Why aren't we all speaking LISP now?

Delaney, Timothy tdelaney at avaya.com
Mon May 14 02:38:09 CEST 2001


> I've heard it claimed that 'bubble' is a more natural
> way to sort.  I just can't get it.  As a bridge player,
> I find myself in an environment where people are very
> often sorting small sets (bridge hands they were just
> dealt) compared with everyday life, and when kibitzing
> other players I have the opportunity to observe how they
> set about it.  It seems to be, for most people, first
> a pass of bucket sort (more or less), separating cards
> by suit, then on each suit roughly a selection sort --
> each card is generally moved only once (typical of a
> selection sort over a linked list, where putting the
> new found subsequence-minimum to the right place only
> requires "moving" it, not also moving another item as
> in a typical item-swap for an array), roughly to its
> final resting place.  I've NEVER seen the sequences of
> small card-position moves (repeated swap of an item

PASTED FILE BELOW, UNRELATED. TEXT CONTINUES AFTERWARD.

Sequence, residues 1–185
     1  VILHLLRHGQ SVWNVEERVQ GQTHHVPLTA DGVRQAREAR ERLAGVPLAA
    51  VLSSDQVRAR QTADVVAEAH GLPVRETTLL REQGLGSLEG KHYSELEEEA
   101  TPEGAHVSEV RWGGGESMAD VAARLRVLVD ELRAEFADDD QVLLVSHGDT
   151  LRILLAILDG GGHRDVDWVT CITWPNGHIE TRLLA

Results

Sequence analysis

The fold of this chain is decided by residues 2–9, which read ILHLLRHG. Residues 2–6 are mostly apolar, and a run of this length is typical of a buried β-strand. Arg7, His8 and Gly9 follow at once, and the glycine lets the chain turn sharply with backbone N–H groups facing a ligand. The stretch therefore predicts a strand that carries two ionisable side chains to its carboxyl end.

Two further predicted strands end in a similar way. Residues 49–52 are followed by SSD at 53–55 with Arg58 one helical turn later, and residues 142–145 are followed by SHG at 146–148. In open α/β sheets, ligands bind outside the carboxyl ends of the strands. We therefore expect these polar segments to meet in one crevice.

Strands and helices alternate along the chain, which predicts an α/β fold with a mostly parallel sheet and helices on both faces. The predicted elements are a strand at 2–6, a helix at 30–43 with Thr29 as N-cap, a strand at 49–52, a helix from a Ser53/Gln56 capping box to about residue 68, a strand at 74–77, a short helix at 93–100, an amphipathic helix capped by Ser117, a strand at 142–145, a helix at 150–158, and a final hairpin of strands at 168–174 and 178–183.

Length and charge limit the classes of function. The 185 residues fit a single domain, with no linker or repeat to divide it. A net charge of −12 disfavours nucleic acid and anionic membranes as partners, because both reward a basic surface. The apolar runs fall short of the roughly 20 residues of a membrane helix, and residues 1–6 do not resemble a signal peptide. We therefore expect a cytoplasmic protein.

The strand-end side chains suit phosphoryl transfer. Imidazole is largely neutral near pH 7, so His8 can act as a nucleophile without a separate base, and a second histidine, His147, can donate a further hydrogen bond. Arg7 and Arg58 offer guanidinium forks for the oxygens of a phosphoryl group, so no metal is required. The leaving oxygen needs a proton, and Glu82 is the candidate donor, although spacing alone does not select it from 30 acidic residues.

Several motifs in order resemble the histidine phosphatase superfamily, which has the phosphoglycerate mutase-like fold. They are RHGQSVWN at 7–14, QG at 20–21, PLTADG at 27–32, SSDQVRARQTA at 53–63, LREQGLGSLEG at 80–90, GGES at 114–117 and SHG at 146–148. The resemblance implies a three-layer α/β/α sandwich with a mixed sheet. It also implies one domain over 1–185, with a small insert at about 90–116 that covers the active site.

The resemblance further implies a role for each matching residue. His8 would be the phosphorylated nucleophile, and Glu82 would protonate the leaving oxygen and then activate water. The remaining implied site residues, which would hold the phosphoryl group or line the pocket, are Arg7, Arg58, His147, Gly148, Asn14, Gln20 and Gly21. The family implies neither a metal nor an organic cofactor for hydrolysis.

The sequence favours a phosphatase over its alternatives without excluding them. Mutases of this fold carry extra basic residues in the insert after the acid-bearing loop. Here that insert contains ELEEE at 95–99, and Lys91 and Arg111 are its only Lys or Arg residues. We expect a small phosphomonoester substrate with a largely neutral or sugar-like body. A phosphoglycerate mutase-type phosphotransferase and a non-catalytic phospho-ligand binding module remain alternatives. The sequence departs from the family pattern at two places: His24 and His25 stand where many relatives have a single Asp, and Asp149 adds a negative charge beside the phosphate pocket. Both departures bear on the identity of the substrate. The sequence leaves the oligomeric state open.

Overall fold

> with its adjacent one) typical of bubblesort...

I find when playing cards (I don't play bridge, but a played a lot of Buraco
in Brasil, where you often find yourself holding 20+ cards in your hand)
that I tend to do a mixture of selection sort and insertion sort, with my
sorting criteria being suit first, then number.

If I have a group of cards from the same suit close together, I will remove
any which don't match and put them in the correct order. Then I sort within
the suits.

However, the way I fan my cards out in my hand leaves the numbers at the
*bottom*, which freaks everyone out as I'm holding the cards *upside down*
(in their minds). So I may be atypical in my sorting too ;)

Tim Delaney




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